Charges of attempted rape and assault have been dropped against Manchester United footballer Mason Greenwood.
The 21-year-old was arrested in January 2022 amid allegations surrounding images and videos.
He was later charged with attempted rape, controlling and coercive behaviour and assault occasioning actual bodily harm.
In a statement, Greenwood said he was "relieved" and thanked his family and friends for supporting him.
The Crown Prosecution Service said the charges were discontinued after key witnesses withdrew their involvement.
A spokesman said: "We have a duty to keep cases under continuous review.
"In this case a combination of the withdrawal of key witnesses and new material that came to light meant there was no longer a realistic prospect of conviction. In these circumstances, we are under a duty to stop the case.
"We have explained our decision to all parties.
"We would always encourage any potential victims to come forward and
report to police and we will prosecute wherever our legal test is met."
The footballer has not played for United since the allegations emerged
In a statement released on Greenwood's behalf, the 21-year-old said: "I am relieved that this matter is now over and I would like to thank my family, loved ones and friends for their support.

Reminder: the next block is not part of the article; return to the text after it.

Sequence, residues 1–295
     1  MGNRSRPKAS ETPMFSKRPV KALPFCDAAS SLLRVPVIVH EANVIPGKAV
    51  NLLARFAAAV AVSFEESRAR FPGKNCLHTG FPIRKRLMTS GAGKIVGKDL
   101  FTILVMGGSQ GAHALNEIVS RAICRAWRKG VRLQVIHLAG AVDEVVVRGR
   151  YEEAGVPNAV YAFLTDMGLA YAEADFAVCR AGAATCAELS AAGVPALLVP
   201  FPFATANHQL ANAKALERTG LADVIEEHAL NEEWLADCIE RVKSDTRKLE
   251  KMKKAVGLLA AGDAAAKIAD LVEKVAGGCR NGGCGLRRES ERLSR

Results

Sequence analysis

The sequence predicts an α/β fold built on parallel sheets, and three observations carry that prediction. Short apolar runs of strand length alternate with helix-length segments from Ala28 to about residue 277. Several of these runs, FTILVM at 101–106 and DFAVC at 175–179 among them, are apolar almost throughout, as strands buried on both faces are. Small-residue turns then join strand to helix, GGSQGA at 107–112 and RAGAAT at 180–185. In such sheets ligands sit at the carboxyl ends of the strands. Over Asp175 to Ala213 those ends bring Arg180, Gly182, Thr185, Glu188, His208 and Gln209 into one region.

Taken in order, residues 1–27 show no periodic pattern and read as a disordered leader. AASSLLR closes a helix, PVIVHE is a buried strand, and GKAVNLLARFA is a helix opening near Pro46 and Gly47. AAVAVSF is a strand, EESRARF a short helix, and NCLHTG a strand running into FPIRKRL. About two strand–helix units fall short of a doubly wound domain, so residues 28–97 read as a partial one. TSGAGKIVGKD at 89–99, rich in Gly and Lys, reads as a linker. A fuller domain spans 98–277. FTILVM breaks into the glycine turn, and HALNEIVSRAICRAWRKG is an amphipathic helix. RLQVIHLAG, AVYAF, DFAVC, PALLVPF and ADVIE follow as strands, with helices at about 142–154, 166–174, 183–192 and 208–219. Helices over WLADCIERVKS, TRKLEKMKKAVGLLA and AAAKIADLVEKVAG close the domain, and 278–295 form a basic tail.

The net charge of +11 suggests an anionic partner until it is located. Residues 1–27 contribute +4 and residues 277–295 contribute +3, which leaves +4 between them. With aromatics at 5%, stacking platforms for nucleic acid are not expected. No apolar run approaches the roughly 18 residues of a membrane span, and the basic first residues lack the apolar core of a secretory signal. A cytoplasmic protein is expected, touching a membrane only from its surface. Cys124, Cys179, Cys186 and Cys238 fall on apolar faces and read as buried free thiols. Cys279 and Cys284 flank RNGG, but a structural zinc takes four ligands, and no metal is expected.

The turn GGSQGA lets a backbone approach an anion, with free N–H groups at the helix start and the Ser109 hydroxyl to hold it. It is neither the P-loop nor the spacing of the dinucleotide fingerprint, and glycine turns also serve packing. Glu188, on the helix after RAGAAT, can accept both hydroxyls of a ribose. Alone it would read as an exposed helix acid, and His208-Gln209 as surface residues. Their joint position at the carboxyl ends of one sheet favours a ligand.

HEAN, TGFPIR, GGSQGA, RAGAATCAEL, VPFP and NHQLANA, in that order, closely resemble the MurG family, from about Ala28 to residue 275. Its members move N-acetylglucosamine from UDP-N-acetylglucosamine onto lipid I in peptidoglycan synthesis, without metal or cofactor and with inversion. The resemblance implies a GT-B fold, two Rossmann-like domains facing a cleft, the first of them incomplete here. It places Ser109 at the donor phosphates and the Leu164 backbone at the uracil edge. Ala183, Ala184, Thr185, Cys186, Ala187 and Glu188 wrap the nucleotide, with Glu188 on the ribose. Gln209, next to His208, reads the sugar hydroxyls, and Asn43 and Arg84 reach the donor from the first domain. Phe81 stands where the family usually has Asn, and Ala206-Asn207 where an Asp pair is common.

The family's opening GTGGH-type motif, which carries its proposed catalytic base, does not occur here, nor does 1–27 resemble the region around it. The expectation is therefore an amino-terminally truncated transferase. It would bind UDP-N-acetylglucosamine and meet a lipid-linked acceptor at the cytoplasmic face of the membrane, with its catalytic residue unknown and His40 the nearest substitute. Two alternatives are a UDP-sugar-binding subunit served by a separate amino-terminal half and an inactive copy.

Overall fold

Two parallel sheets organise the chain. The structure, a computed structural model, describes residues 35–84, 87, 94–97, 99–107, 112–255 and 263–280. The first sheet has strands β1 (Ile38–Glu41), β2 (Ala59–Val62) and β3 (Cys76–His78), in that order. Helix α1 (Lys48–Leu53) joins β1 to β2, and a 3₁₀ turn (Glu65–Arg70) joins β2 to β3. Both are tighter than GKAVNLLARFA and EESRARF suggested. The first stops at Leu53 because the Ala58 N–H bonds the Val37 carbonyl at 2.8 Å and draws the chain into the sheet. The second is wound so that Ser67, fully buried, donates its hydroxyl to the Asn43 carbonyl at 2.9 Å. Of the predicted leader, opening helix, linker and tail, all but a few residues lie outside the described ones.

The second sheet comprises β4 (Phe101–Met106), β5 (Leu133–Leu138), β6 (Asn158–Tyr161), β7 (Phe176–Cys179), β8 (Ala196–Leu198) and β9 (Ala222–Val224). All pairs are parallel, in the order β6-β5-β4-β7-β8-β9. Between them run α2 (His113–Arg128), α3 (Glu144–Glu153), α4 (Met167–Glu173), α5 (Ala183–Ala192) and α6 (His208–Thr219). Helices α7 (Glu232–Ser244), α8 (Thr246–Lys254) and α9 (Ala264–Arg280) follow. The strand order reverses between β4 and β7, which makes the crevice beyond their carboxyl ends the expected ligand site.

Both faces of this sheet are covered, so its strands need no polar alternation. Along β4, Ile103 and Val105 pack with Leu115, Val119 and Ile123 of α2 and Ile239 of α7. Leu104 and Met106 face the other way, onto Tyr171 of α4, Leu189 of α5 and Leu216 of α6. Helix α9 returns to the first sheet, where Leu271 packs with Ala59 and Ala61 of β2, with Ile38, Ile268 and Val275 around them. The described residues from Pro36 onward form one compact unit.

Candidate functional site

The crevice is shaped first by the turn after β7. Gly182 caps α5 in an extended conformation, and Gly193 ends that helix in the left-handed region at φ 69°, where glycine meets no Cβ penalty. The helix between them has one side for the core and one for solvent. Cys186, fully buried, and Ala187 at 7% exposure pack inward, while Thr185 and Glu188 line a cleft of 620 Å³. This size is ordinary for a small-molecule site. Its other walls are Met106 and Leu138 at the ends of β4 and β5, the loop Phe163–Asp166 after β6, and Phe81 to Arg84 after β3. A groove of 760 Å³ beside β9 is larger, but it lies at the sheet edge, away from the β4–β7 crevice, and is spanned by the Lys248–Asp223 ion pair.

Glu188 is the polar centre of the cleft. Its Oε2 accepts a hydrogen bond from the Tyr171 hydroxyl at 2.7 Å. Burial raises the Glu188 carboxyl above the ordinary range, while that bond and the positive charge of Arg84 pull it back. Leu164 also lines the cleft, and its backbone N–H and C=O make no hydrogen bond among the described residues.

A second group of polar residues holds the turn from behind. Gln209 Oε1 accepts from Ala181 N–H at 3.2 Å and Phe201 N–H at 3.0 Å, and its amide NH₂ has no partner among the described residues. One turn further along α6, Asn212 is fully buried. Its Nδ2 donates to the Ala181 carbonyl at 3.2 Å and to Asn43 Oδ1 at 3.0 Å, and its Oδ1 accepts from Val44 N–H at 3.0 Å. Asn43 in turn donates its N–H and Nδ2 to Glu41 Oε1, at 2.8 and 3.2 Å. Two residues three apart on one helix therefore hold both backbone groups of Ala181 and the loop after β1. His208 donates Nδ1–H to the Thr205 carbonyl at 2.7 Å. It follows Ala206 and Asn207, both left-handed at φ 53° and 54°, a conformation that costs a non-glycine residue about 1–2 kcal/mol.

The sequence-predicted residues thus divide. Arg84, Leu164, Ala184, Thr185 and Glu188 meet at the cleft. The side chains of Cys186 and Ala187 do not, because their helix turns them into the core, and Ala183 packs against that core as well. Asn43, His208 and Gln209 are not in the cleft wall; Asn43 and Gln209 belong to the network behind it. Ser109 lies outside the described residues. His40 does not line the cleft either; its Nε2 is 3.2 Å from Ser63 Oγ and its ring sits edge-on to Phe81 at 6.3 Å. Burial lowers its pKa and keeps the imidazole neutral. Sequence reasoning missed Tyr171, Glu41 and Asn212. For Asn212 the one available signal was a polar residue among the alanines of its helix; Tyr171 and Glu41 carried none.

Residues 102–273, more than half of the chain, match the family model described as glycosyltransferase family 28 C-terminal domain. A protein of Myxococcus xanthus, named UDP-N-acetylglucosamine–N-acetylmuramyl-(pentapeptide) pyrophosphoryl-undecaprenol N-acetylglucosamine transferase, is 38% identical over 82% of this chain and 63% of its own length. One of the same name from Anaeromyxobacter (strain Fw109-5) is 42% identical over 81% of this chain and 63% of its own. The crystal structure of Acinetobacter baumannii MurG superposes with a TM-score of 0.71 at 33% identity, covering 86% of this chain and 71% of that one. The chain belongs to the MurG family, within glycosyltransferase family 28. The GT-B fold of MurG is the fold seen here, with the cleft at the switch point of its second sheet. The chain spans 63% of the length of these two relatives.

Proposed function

"There will be no further comment at this time."
Within hours of the allegations surfacing at the beginning of 2022, the forward, who has made one appearance for England, was suspended from playing or training with the Old Trafford club.
A Manchester United representative said the club had noted "the decision of the Crown Prosecution Service that all charges against Mason Greenwood have been dropped".
"The club will now conduct its own process before determining next steps," they said.
"We will not make any further comment until that process is complete."
The BBC understands that Greenwood will not return to training or play until this process is complete.
Greater Manchester Police said it was "only fair" to announce Greenwood would no longer face criminal proceedings.
Ch Supt Michaela Kerr said the decision had "not been taken lightly".
She added: "I would, however, like to use this opportunity to reiterate the force's commitment to investigating allegations of violence against women and girls and supporting those affected, regardless of their circumstances, throughout what can be a hard and upsetting time for them."